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Let Go and Watch Your Company Grow

By Generational Equity

Wooden Leader

It’s the eternal entrepreneurial conundrum. That drive and insane attention to detail that helped you build your company into a successful business can sink once it reaches a certain size and momentum.

In your early days, you and a small team handled the engineering, sales, marketing, payroll, office administration and maybe even the housekeeping. To grow beyond the start up phase, you have to turn responsibilities over to others (and then trust them to get things done).

So, how do you build a culture and a team that scales into a bigger, more mature organization? The answer sounds simple, but can be extraordinarily tough to put into action. You must learn to relinquish control and let others shoulder the responsibility.

Think of it like this: once you were the quarterback. Now you need to be the team’s coach (and gradually then evolve into the General Manager). You need a broader view so you can guide and support the team to victory, rather than simply play on the field yourself.

Steps to Take

The Kauffman Foundation recommends CEOs take these steps to grow a team that can scale the company.

  • Find mentors. Look to people outside your company for ideas and inspiration. If you’re having an issue with sales, bounce ideas off someone whose company you respect and who seems to have a handle on your problem. Take them to lunch and ask for their input.
  • Pay attention to experts in their field. You can gather great ideas by observing people you admire and incorporating their behavior into your own. Become a student of how another leader motivates groups of employees or gives a speech.
  • Consider hiring a coach. Athletes hire specialists who help them improve their techniques, and business leaders should be no different. For your company to grow, you’ll need to hone new skills, from people management techniques to advanced financial mechanisms. A coach can provide objective feedback about ways your limitations may be impacting your company’s growth (The Vistage Group is a good place to find great coaching).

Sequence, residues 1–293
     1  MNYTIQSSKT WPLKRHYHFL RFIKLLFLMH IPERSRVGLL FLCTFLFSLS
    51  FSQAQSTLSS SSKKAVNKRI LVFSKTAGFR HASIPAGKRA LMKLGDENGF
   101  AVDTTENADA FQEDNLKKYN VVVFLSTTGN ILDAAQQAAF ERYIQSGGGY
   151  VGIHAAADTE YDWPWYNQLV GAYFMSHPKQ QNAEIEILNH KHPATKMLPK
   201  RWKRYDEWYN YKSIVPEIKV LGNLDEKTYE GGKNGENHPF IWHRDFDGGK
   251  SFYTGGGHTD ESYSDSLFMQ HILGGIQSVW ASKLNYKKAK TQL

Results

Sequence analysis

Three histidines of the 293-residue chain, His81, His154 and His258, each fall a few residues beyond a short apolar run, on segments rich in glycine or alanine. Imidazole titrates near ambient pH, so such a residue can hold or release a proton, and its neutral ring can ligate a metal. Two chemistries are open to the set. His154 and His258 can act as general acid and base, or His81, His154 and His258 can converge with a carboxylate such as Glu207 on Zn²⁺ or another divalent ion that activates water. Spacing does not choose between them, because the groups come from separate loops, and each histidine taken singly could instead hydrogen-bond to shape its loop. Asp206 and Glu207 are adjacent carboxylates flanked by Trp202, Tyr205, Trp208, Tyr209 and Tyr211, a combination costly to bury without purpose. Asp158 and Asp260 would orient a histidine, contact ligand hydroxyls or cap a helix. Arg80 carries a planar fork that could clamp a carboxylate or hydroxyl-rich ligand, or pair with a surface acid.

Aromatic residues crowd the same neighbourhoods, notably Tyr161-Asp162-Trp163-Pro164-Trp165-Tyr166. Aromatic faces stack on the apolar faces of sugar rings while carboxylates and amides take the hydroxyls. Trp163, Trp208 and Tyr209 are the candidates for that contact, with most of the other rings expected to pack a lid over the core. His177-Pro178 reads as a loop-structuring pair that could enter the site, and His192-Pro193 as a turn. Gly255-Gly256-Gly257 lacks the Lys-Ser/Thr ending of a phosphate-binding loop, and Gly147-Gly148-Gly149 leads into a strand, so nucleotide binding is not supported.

• Look inside the company. Your current team may include professionals capable of taking on more responsibility. Consider whether it’s time to transition some decision-making power to these employees.
  • Look outside the company. Get comfortable with the idea that your original team may not have all the skills needed to scale the company larger. Take Facebook as an example. Mark Zuckerberg founded his company in his dorm room and eventually hired Cheryl Sandberg as his COO to scale the company. Without an experienced right-hand woman, how likely is it that Facebook would be the online juggernaut it is today? Marshall Goldsmith’s book, What Got You Here Won’t Get You There, has some good tips on this as well. 
  • Know yourself. Some entrepreneurs love the early chaos (and the adrenalin rush) of a company’s early stages and aren’t much interested in developing a mature company. Others prefer to grow a company out of the chaos. Knowing what stage of company growth you prefer can tell you whether to sell and start another company or stay and grow with the company.
  • And think about the end game. You are building a legacy in your business, one that is not only financial but impacts your employees, clients, and community. What legacy do you want to leave behind? Eventually you will need to transition the business to new ownership. Building a team will ensure that you can maximize its value and help you find a buyer that will effectively grow your legacy. 

The End Goal

Building a team that can help you scale your company is hard work. It will require your best efforts in leading and learning because you’ll have to transition from the person who does it all to the person who’s leading the symphony. But once you and your team reach the goals you’ve set for the company, it will be worth it.

By Jessica Johns Pool.

© 2017 Generational Equity, LLC. All Rights Reserved.

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